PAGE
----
People who use Venmo to make payments are “vulnerable to stalking, snooping, or hacking,” due to the company's default privacy settings, browser developer Mozilla and the digital rights group Electronic Frontier Foundation said Wednesday.
They are calling for the PayPal-owned payment platform to revise its settings by making transactions private automatically, and by enabling users to keep their friends' identities confidential.
“We are writing to express our deep concern about Venmo’s disregard for the importance of user privacy,” the EFF and Mozilla wrote in a public letter to PayPal CEO Dan Schulman.
Venmo, which allows people to transfer money to each other, displays all peer-to-peer transactions on its social news feed by default.
The digital rights group and Mozilla reference a report by computer science student Dan Salmon, who said in a Wired op-ed this June that he was able to scrape data for millions of Venmo transactions in a six-month period.
“As I pored over the trove, I became concerned that I had been able to amass such a large collection of people’s financial activity so easily, even if it was for mostly innocuous activities like splitting the cost of a pizza,” he wrote.
Salmon added that fraudsters could use that data for cyberattacks.
“The amount of specific information available via the app would make for a very convincing phish,” he wrote. “An attacker could easily find a list of the people that their target most frequently interacts with, as well as that person's common spending habits.”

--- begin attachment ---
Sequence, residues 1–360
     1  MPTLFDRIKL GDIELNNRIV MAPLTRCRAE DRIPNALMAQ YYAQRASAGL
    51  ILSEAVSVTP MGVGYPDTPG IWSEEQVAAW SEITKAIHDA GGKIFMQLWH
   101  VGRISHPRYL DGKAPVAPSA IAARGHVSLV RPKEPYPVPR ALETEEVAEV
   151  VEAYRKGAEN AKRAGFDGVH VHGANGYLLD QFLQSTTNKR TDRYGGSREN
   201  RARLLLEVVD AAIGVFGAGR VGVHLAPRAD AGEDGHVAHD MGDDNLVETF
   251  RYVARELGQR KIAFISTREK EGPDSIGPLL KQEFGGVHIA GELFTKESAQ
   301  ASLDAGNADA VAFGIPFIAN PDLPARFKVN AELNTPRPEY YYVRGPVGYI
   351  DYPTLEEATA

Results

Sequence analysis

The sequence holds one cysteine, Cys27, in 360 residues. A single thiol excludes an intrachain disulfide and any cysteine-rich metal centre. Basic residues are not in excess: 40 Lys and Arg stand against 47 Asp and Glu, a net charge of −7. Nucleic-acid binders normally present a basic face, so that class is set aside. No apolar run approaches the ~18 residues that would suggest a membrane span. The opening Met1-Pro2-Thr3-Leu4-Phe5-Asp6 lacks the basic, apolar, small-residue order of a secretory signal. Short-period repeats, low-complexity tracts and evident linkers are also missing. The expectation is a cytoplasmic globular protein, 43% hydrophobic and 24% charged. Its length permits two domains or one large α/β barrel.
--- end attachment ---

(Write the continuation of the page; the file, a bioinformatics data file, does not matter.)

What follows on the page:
The EFF and Mozilla add in their letter that users don't necessarily realize that Venmo makes transactions public by default.
“It appears your users may assume that, like their other financial transactions, their activity on Venmo is both private and secure,” the letter states. “They might not know that they must change their newsfeed privacy settings.”
The organizations also say Venmo should give users a way to keep their friend lists private.
“The list of people with whom you exchange money paints a startlingly clear picture of the people who live, date, and do business with you,” the EFF and Mozilla write.
Last year, the Federal Trade Commission prosecuted Venmo for allegedly misleading users about whether their transactions were private.
The FTC alleged that Venmo's privacy settings were confusing. At the time, the company required users who wanted to keep their transactions private to change two separate account settings -- both of which had similar labels, according to the FTC.
PayPal settled those allegations by agreeing to several conditions, including a requirement to make "clear and conspicuous" disclosures about how it shares information.